As we noted above, we understand that in some cases the NPPO may authorize other personnel not hired or trained by the NPPO, such as employees of an Autonomous Community or an auditing company, to perform duties related to inspection under the supervision of the NPPO. However, we agree that they do not necessarily have to be hired or trained by the NPPO. Therefore, we are deleting the words “hired” and “trained” from the proposed requirement in § 319.56-58(c)(1) and replacing those words with the term “accredited” to indicate they have been determined by the NPPO to be qualified to perform the assigned duties.

Two commenters stated that procedures should be in place to confirm that approved treatments are applied properly to fresh apricot fruit imported from continental Spain.

Under the bilateral workplan, APHIS will confirm that treatments of fresh apricot fruit are properly applied under supervision of the NPPO of Spain in accordance with the cold treatment regulations in § 305.6 and the PPQ Treatment Manual. Furthermore, under § 319.56-58(c)(4), the NPPO of Spain will be required to retain all forms and documentation related to export program activities, including approved treatments, in places of production and packinghouses for at least 1 year and, upon request, provide them to APHIS for review.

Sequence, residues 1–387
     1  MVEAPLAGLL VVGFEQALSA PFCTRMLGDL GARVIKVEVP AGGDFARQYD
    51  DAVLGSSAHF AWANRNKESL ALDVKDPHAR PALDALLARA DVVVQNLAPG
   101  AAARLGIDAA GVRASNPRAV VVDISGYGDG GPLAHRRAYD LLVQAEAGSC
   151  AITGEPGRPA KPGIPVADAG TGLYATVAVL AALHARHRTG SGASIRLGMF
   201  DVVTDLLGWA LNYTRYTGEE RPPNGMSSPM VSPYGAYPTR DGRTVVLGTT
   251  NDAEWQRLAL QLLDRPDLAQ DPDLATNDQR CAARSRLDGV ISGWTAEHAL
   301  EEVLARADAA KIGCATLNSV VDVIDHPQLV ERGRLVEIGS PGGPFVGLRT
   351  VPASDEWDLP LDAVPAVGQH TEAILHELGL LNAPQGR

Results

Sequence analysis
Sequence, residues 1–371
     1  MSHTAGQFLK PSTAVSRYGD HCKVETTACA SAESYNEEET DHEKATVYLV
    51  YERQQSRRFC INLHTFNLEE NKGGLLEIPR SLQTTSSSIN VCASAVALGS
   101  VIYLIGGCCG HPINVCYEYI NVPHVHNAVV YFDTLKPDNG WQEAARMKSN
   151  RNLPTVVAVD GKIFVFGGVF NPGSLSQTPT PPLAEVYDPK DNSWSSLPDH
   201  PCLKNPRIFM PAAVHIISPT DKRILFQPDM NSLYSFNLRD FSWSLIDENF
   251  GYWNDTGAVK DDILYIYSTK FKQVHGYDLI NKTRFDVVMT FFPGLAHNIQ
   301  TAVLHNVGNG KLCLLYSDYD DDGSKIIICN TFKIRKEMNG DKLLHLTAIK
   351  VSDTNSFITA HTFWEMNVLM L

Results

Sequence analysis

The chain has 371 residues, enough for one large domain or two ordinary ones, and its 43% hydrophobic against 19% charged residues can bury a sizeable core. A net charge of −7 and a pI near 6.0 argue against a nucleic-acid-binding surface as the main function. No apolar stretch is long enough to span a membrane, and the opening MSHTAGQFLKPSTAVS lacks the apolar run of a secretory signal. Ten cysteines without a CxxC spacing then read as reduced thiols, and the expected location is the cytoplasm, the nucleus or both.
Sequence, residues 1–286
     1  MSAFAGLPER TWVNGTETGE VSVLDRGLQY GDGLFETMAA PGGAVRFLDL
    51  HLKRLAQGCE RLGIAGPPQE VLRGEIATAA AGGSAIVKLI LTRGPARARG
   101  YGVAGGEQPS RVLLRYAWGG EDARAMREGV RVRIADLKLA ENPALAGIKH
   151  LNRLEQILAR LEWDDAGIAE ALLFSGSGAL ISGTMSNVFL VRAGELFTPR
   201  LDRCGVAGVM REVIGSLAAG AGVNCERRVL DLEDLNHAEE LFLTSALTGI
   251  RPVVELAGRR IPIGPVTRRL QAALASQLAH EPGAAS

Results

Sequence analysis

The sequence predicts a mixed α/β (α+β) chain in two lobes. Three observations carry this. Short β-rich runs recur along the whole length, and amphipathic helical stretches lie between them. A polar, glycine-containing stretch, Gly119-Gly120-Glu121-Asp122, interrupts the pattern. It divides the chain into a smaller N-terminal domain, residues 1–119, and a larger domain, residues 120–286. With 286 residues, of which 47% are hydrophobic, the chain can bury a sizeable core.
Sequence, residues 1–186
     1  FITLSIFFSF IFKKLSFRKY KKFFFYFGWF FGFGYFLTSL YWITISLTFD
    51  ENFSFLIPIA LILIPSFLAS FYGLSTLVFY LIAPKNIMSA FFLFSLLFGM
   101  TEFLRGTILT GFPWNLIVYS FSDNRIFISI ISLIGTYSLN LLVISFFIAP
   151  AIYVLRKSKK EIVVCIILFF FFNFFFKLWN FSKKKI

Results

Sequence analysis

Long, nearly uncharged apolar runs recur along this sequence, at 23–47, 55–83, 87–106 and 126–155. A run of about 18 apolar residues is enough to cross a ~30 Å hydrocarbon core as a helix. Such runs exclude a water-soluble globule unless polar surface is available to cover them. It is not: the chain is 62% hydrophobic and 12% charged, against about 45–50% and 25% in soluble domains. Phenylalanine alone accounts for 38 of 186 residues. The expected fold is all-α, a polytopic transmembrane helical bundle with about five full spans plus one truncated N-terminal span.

Mitigations for A. erythrostoma

One commenter noted that the PRA identifies the fungus A. erythrostoma as a pest that could follow the pathway of consignments of fresh apricots imported from Spain to the United States. The commenter stated, however, that scientific literature (5) identifies A. erythrostoma as being only a pest of cherry in Spain, and consequently the mitigation measures we proposed for A. erythrostoma in fresh apricot are not supported by the literature.

We reviewed the documents cited by the commenter to support that A. erythrostoma does not occur on apricot in Spain. None of the documents rules out A. erythrostoma as being a potential pest risk to apricot in Spain, and one of the documents (Santiago, 2008) acknowledged that apricots are in fact a host of the pathogen. Moreover, A. erythrostoma has been reported as an apricot pest in Italy, Bulgaria, and Austria, and is listed as an apricot pest in the 2004 European and Mediterranean Plant Protection Organization standard “Good Plant Protection Practices for Stone Fruits.”